There's part of USC quarterback Mark Sanchez that thrives on emotion.
There's little question that his exuberance and passion have helped ignite some fire on the Trojan offense.
Saturday at Arizona, though, those same qualities produced some different results.
Monday after USC's practice at Howard Jones Field, Sanchez reminded everyone an often overlooked truth.
"This is my first year starting," he said. "I'm trying to take everything in stride and learn along the way. I'm trying to play like myself and be an emotional leader."
Sanchez wasn't bad in USC's 17-10 win over Arizona. He completed 21-of-36 passing attempts for 216 yards a touchdown and interception.
But, Sanchez also missed a wide-open Patrick Turner for a touchdown on the Trojans' first offensive play and later tried to force the issue by throwing the ball downfield on third-and-one - instead of running for the easy first down.
"There were a couple of plays where I was right on. We made some big-time conversions on third down, and there were a lot of highlights," Sanchez said. "But at the same time, there were some easy passes that I missed.
"It's little mistakes like that that keep me working. You just have to strive to get better, know every situation and master it as it comes. I'll get better this week."
USC head coach Pete Carroll admits Sanchez's lack of experience leading the USC offense often gets overlooked.
"When you get off to a huge start and everything goes right for a couple of weeks, everyone starts to make these statements about forever," Carroll said. "He's still a young guy.
"That was the first time in a game where we were trying to put away a win. Even though we work on that on the practice field, the mentality it takes to carry out the play and decision-making of a well-oiled machine wasn't as good as it can be."
The two plays that seem to have stuck the most were the missed touchdown to Turner and the third-and-one throw.
Sanchez said he knew things would've changed drastically if he and Turner had connected, and after the miss, he let his disappointment show.
"I could tell in my body language on film that it wasn't me right after that play. I was still upset, and I could feel it," Sanchez said. "I remember thinking about it a little bit even after the first drive. I held on to it a little long.
"It's one of those things I can't let cloud my decision making, effect my body language or my facial expressions. I just need to be done with it."
Under a microscope form fans, coaches and the press, Sanchez said he's trying to reign in some of his instincts.
But, it's been a battle to completely shed his willingness to try and make big, albeit risky, plays.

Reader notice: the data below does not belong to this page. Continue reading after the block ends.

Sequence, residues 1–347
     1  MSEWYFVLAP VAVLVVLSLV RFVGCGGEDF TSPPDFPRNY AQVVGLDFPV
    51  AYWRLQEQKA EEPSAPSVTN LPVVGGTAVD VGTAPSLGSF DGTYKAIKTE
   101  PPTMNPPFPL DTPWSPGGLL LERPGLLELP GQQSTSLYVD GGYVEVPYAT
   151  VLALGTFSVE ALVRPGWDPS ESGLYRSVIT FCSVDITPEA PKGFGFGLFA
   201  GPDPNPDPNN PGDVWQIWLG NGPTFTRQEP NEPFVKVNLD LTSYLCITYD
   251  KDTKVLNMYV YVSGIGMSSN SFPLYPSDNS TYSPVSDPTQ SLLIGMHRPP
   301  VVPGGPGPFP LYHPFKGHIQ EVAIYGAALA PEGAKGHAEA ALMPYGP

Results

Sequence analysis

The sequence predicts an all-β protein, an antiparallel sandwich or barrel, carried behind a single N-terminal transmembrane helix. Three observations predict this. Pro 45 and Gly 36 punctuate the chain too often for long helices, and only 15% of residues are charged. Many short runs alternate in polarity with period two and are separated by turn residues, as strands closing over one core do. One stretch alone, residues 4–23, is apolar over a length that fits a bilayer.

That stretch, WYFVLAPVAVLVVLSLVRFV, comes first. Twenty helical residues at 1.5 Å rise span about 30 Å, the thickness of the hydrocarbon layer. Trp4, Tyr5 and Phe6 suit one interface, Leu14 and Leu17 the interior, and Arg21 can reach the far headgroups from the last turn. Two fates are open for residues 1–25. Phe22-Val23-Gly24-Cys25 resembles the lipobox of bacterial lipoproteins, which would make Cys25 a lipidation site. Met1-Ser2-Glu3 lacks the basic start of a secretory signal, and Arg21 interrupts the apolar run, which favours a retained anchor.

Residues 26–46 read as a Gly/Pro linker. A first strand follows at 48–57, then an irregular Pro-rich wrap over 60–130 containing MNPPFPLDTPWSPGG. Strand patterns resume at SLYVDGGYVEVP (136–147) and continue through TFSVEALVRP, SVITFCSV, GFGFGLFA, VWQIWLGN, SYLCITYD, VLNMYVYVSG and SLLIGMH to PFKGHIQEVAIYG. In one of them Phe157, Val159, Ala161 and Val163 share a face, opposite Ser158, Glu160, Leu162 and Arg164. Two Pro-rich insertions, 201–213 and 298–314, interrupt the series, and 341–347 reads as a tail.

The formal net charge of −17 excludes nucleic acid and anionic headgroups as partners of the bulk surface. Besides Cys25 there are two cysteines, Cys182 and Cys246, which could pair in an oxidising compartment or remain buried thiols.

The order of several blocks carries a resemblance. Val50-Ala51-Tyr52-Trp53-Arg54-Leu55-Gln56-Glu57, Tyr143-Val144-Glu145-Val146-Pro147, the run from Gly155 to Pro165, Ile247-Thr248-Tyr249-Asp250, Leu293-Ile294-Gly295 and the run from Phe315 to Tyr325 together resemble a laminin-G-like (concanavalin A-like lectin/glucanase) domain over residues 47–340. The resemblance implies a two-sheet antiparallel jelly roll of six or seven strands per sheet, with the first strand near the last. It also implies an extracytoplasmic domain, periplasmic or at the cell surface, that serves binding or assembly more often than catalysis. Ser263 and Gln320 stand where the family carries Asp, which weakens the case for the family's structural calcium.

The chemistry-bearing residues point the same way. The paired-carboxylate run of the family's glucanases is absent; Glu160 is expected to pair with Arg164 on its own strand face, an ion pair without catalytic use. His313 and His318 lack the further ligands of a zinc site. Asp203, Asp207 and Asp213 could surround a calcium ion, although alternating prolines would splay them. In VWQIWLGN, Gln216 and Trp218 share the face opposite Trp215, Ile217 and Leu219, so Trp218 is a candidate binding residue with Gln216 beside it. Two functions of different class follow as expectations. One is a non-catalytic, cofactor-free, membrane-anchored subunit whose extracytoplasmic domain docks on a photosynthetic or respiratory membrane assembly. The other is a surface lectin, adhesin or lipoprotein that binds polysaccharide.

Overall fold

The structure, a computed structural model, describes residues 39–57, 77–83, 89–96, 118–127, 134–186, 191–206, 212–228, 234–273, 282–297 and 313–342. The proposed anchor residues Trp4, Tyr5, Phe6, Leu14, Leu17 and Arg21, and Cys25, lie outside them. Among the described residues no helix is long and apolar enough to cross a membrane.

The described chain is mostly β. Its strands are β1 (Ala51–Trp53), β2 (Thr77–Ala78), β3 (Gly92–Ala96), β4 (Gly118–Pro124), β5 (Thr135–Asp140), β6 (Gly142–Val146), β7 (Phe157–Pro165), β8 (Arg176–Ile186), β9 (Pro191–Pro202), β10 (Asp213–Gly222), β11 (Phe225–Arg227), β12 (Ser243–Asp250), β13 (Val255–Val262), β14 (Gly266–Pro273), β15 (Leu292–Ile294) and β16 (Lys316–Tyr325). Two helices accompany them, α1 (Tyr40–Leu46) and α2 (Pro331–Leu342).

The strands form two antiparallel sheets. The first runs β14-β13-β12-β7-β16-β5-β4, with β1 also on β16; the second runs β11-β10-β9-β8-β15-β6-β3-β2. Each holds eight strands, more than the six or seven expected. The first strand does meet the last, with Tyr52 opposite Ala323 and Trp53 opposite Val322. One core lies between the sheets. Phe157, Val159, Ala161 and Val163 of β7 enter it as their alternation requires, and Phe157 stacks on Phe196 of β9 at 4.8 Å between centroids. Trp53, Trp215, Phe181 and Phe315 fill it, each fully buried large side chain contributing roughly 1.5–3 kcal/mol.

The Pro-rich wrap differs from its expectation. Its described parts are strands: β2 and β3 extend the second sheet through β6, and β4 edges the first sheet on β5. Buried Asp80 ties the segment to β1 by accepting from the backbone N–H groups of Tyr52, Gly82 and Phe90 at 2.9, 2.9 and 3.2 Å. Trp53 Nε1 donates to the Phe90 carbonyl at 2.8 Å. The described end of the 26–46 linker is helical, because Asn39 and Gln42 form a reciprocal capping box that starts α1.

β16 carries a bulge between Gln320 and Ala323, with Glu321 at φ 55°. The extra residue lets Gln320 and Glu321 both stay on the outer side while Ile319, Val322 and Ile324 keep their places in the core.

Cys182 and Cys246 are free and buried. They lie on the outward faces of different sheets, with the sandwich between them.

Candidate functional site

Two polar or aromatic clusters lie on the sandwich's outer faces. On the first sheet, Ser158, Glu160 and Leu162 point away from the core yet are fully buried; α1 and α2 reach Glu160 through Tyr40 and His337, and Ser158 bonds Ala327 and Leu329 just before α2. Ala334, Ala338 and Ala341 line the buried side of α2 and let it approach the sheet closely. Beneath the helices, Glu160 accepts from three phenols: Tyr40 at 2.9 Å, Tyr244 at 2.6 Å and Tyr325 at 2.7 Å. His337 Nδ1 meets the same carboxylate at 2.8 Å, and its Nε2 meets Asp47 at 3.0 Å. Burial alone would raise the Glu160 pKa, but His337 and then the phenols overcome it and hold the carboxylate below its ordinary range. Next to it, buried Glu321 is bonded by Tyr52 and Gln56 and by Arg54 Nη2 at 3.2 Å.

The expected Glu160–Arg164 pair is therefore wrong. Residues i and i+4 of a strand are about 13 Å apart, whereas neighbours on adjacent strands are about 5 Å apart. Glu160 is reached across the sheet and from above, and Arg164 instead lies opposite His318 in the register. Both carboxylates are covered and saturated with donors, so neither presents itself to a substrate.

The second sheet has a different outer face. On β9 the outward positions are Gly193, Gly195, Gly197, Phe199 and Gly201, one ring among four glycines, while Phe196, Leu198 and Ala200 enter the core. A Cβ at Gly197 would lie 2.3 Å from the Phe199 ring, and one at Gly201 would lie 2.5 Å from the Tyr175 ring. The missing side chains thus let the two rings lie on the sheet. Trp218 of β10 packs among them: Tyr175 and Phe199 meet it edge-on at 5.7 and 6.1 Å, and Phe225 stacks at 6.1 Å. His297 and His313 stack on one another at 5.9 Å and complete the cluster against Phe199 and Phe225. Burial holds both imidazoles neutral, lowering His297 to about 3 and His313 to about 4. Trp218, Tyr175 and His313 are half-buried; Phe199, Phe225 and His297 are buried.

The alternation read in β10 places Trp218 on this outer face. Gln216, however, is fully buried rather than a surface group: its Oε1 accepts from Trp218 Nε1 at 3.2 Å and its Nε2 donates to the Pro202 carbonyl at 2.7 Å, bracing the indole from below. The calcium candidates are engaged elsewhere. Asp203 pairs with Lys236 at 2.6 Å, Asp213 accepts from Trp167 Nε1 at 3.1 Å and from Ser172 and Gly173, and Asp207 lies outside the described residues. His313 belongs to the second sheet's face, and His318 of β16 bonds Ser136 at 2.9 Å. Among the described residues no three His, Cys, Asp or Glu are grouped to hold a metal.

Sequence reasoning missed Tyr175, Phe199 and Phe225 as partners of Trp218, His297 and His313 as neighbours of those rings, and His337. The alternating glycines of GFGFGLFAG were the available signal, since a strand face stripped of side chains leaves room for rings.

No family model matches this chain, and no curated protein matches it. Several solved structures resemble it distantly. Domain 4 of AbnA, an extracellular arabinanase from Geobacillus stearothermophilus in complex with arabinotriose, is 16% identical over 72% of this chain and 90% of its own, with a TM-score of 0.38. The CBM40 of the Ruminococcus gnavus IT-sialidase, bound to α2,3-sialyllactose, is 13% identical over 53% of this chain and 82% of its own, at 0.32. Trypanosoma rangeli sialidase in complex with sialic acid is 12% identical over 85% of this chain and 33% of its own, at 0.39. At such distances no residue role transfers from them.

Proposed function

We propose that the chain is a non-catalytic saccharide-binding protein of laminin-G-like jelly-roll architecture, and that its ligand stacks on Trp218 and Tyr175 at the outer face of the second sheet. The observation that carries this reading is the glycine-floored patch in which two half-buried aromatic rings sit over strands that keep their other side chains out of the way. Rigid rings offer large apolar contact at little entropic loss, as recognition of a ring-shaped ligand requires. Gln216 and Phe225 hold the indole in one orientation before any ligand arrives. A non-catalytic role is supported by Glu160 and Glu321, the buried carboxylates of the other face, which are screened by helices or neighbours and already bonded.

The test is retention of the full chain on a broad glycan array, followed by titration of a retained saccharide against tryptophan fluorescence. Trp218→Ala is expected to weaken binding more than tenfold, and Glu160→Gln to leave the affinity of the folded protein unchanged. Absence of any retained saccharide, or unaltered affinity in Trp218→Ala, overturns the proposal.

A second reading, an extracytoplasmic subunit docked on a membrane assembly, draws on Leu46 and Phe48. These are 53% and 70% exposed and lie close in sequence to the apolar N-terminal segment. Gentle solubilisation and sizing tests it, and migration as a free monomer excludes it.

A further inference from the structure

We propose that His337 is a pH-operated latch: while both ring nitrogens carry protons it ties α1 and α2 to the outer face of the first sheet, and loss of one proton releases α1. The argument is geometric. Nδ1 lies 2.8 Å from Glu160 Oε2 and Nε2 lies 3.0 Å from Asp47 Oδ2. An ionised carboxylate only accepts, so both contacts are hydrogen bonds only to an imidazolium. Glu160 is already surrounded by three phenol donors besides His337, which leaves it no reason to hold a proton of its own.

"It's not nearly as bad as when I came in. It's already a lot better than it was last year. It's still that little bug inside of you," Sanchez said. "Coach Carroll likes part of it. He wants me to press and make some plays.
"It's knowing when to let it out. It's in there, but I'm fighting it. I'm trying to be a steady leader on this team."
Still, USC picked up a 17-10 win, and for Sanchez, that was good enough.
"It was a good game for me to learn from," he said. "Usually when you have to learn how to run the ball on third-and-one and miss two touchdowns, when you learn tough lessons like that, usually you lose.
"This is a blessing to be able to come out with a victory and those lessons."
After Monday's practice, both Taylor Mays and Kevin Ellison said their play on Saturday wasn't anything unusual.
Ellison helped keep one of Arizona's biggest weapons, tight end Rob Gronkowski, from being a factor, and Mays flew around the field, delivering a knockout hit to Arizona's most effective runner, freshman Keola Antolin.
Mays said the hit didn't feel like anything special, and after watching film, it became less impressive.
"I didn't wrap him up," Mays said. "I kind of got in trouble for that."
Ellison, one of USC's leading tacklers, was credited with just one stop in the win - numbers Carroll said were wrong.
Still, Ellison made an impact in other ways even though the USC coaches didn't ask him to do anything all too different.
"A lot of it was just what they were doing on offense," he said. "They didn't throw to their tight end too much. It was just the way it worked out. I was down in the box like I usually am."
• Joe McKnight played against Arizona after missing the Trojans' game at Washington State with turf toe.
McKnight practiced Monday, but he's still not pain free.
• Everson Griffen had a toenail removed and didn't practice Monday. Averell Spicer and Gerald Washington both didn't practice due to ankle injuries, and Damian Williams sat out Monday with a sore shoulder. Williams is scheduled to practice Tuesday, but he will be held out of contact.
• Carroll still seemed unsure of what happened with the penalty at the end of the game Saturday and didn't know whom the sideline infraction was on. Had Arizona scored, though, and Carroll said he would've challenged that Arizona's Mike Thomas was down before fumbling/latterelling.
• Marc Tyler returned to practice for the first time in three weeks Monday after suffering a pulled quadriceps muscle.
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